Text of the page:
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Almost every week, we hear about a new data breach in the news that reports about a major company losing millions of usernames, passwords, credit card numbers, banking transactions after falling victims to a cyber attack.

As per a recent report released by Imperva on Web Application attacks, SQL Injection (SQLi) saw the biggest rise compared to last year with a typical application suffering three times more SQLi attacks.

SQL injection allows an attacker to feed malicious commands to a database via a poorly designed web application form or input box to extract sensitive data. Open Web Application Security Project (OWASP) Top 10 consists of a collection of web application vulnerabilities that are updated every three years to keep pace with current web application technology and threat vectors.

SQLi attacks are unfortunately very common and stay in the number one spot in the OWASP Top 10. It was originally discovered and discussed publicly during 1998. This is one reason why it can be called ancient. Although SQLi flaws are always considered to be an easily fixable problem in application security, they’ve been neglected or unnoticed by many web developers.

The issue is with the rising number of SQL injection attacks. Manual SQLi attacks are time-consuming and can lead to scenarios where the attacker repeatedly intercept packets and sends different SQL payloads – most hackers prefer automated tools to carry out SQLi attacks that scan the application for SQLi vulnerabilities.

You also don’t have to be a coder to run these automated tools; it only requires few set of commands to initiate the attack on the target site.This is one reason why many “script kiddies” go for automated SQLi tools.

The recent TalkTalk hack was a result of DDoS attack that enabled the attackers (teenagers) to utilize SQL injection techniques to extract data. Similarly, the VTech hack in which data of 6.4 million kids were exposed, was a result of SQLi attack on the VTech’s system as reported by MotherBoard.

Do Not Blindly Trust User Input

A report released by Veracode on State of Software Security analyzed various programming languages and security bugs. It was found that PHP, Classic ASP and Cold Fusion were the riskiest languages, while Java and .NET were comparatively safer. Furthermore, 56 percent of applications written in PHP were observed to have at least one SQLi vulnerability. Now, why does this continue to be the case?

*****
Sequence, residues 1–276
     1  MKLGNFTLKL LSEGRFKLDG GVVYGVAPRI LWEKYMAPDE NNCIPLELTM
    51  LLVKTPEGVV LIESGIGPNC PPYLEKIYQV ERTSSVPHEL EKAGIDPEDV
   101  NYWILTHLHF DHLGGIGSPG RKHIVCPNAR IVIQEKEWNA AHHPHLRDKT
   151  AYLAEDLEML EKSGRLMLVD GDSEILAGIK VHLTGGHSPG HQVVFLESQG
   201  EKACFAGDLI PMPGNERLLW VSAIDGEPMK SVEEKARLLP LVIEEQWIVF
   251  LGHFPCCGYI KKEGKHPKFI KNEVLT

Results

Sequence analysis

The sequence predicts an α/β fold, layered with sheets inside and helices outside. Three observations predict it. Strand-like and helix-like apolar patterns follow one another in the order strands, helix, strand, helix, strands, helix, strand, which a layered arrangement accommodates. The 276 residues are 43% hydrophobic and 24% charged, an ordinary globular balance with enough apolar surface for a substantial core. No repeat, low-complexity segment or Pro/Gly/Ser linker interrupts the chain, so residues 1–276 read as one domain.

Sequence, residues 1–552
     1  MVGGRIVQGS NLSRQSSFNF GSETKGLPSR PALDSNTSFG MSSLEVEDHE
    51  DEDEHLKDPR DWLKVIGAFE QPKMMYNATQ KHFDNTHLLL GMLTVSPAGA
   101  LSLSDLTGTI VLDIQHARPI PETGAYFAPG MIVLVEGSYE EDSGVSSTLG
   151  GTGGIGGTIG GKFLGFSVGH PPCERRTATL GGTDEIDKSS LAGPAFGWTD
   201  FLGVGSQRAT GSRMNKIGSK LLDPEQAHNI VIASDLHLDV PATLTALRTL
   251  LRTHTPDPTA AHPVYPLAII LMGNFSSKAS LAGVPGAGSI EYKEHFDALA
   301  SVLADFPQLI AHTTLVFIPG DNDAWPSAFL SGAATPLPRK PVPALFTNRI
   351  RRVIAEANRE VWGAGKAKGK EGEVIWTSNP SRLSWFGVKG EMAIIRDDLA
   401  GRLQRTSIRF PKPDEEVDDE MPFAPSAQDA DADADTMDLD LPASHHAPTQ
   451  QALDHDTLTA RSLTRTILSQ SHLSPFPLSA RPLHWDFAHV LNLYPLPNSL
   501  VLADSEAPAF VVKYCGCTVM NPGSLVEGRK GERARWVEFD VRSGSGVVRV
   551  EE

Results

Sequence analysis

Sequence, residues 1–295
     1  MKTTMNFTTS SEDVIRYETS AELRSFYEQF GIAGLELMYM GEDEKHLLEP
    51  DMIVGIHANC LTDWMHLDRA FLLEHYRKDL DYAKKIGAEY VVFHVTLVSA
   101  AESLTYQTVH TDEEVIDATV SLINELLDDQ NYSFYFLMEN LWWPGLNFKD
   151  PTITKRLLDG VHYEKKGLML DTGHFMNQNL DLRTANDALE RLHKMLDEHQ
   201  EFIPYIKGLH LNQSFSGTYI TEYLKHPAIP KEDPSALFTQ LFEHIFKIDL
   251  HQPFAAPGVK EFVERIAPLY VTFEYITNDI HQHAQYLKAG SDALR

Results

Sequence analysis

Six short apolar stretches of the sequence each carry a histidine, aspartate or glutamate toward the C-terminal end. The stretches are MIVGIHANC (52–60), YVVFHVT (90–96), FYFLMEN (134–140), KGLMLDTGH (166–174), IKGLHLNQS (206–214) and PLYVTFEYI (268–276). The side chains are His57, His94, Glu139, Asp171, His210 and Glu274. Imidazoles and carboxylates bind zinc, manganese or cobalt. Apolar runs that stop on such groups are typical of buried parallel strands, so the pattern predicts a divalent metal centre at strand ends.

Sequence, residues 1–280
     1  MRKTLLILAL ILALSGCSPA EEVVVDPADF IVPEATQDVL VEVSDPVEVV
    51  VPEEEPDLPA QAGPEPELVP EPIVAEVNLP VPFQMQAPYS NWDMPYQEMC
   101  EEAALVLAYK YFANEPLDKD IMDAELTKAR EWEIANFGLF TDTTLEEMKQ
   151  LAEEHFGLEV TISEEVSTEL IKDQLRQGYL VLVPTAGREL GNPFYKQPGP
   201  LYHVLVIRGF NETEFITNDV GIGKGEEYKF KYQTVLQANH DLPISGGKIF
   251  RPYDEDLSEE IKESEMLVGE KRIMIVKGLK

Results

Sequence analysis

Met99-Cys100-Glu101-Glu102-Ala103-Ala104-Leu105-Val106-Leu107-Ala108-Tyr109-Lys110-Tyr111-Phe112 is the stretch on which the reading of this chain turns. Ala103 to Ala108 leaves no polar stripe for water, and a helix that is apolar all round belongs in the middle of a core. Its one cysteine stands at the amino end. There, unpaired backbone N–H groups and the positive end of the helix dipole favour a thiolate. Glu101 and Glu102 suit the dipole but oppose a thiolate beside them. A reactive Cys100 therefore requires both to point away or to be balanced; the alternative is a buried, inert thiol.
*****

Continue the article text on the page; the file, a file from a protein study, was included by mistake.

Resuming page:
SQLi has been a result of improper coding, which results in user data entering the query context instead of the data context. One should remember that the user input in any webpage is not always from a truster user; there is a high probability of an attacker crafting a malicious input. Possible solutions to SQLi vulnerabilities can include the usage of Parameterized Query or Input Sanitization to remove any malicious input or special characters that might change the meaning of the SQL query.

Recently, Softpedia reported about a SQLi vulnerability in the Cardio Server ECG Management web application, which was used by doctors and other staff to review patient history and create patient reports. It was also vulnerable to LDAP injection attacks. In another recent attack reported by The Guardian, hackers leaked private login details of officials at the Paris Climate Summit, as a result of a SQLi attack.

We can keep going with examples of other hacking incidents related to this particular injection vulnerability, but what do you think about SQLi? Is this vulnerability going to stay for a while on the web?

SQLi and its related data breaches will remain for awhile. This is because security is often an after thought in software development lifecycle. For now, let’s hope web developers and website admins notice the dangers of lax security on web applications resulting in cyber attacks, such as SQLi, and mitigate the vulnerability as soon as possible.


Ashiq JAAbout the Author: Ashiq JA (@AshiqJA) is a cyber security consultant and security writer with solid experience in the security field and expertise in risk management for banking applications, vulnerability management, security audits and assessments, security policies and procedures, risk mitigation, application penetration testing and secure software development.

Editor’s Note: The opinions expressed in this guest author article are solely those of the contributor, and do not necessarily reflect those of Tripwire, Inc.

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